Hope your week is off to a great start. Enjoy this week's issue and if you're feeling inspired, pass it on.
Work provides a very clear structure for progress. There are no raises or bi-annual performance reviews in our personal lives. This is one of the reasons that some people who are hugely successful at work can't find the same success at home, says professor and entrepreneur Clay Christensen.
If you like this, you'll also like his book How Will You Measure Your Life?
For those of writing every day, this is a must-read.
The best editors serve as proxies for readers. They understand what those readers need and appreciate, but are able to help writers do what is necessary to reach them. It’s a mutually rewarding relationship where the writer can advise on what needs to be said, and the editor can advise on the best way to say it.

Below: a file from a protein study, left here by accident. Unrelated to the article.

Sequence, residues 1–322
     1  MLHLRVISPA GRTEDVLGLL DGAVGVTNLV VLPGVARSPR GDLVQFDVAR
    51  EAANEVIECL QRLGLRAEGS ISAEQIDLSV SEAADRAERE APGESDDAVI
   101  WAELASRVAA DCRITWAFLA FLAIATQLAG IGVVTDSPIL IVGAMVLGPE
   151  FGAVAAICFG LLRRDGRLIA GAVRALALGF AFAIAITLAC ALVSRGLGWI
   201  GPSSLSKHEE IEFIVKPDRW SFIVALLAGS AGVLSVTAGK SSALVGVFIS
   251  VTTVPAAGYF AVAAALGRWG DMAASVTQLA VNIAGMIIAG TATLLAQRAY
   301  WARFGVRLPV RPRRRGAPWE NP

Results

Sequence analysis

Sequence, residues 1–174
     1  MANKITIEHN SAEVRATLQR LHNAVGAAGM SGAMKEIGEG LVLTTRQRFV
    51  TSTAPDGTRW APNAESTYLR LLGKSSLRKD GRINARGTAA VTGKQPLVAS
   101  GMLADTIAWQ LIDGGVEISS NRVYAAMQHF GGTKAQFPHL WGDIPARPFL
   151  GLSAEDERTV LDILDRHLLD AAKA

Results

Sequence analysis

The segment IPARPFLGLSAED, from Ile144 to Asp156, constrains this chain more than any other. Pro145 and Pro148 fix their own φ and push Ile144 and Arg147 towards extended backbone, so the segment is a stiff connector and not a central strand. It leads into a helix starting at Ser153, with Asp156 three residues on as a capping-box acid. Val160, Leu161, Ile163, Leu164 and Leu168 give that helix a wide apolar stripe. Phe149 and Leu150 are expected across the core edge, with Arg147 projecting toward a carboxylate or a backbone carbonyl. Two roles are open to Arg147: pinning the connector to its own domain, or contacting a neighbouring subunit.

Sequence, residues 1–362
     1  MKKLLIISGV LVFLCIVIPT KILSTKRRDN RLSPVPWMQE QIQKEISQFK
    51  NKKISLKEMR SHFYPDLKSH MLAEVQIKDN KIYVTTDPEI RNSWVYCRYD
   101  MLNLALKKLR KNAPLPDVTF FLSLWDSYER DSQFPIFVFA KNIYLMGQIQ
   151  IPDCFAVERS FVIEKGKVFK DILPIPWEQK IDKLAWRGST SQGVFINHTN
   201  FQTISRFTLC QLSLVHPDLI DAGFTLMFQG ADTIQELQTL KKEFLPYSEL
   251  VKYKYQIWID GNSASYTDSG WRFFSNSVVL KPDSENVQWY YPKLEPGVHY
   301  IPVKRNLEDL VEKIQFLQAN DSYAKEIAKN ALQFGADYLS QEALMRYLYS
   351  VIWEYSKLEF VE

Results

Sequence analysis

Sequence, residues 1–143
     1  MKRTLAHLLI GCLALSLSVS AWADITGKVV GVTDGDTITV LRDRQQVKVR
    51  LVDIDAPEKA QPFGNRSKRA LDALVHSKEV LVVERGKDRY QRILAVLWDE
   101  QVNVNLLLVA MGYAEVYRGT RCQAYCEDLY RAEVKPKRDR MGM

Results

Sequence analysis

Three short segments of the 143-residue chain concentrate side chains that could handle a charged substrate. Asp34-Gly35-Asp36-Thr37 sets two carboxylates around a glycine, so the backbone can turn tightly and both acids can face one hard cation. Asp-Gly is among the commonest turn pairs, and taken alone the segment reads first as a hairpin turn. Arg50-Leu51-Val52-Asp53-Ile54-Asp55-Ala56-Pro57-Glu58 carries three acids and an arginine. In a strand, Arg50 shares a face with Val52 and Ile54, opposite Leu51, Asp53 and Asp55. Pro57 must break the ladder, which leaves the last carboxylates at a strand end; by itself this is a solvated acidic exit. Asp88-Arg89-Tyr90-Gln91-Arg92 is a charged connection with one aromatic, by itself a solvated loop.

Turning your hobbies into side gigs isn't always such a good idea argues writer Stephanie Buck. Hobbies for sake of it might be a better use of our free time.
Loving what one does is an utopian ideal. But it’s worth remembering a couple of things. Hobbies were something a broad swathe of people could enjoy, while the side hustle is much more middle-class phenomenon.
...perhaps we can tear a page from the post-war book regarding boundaries. If the future of work is bliss, we still need to know when to put it down and pick up something else, whether it’s family game night, hockey league, or just being with nature—happiness simply for the sake of it.
4. Random Links
- Trello’s Michael Pryor on building a mass-market product
- This guy built a roller coaster in his yard for his grandkids
- A video of Nirvana playing "Smells Like Teen Spirit" in 1991
- Mailchimp CEO Ben Chestnut: "There’s a popular saying: 'Do what you love.' I tell them to forget that idea because it should be, 'Love what you do.'”
- How Google saved money by giving new mothers 5 months off
- BuzzFeed makes the case for a 4-day workweek
- The 44 Most-Loved Products Launched in Summer 2016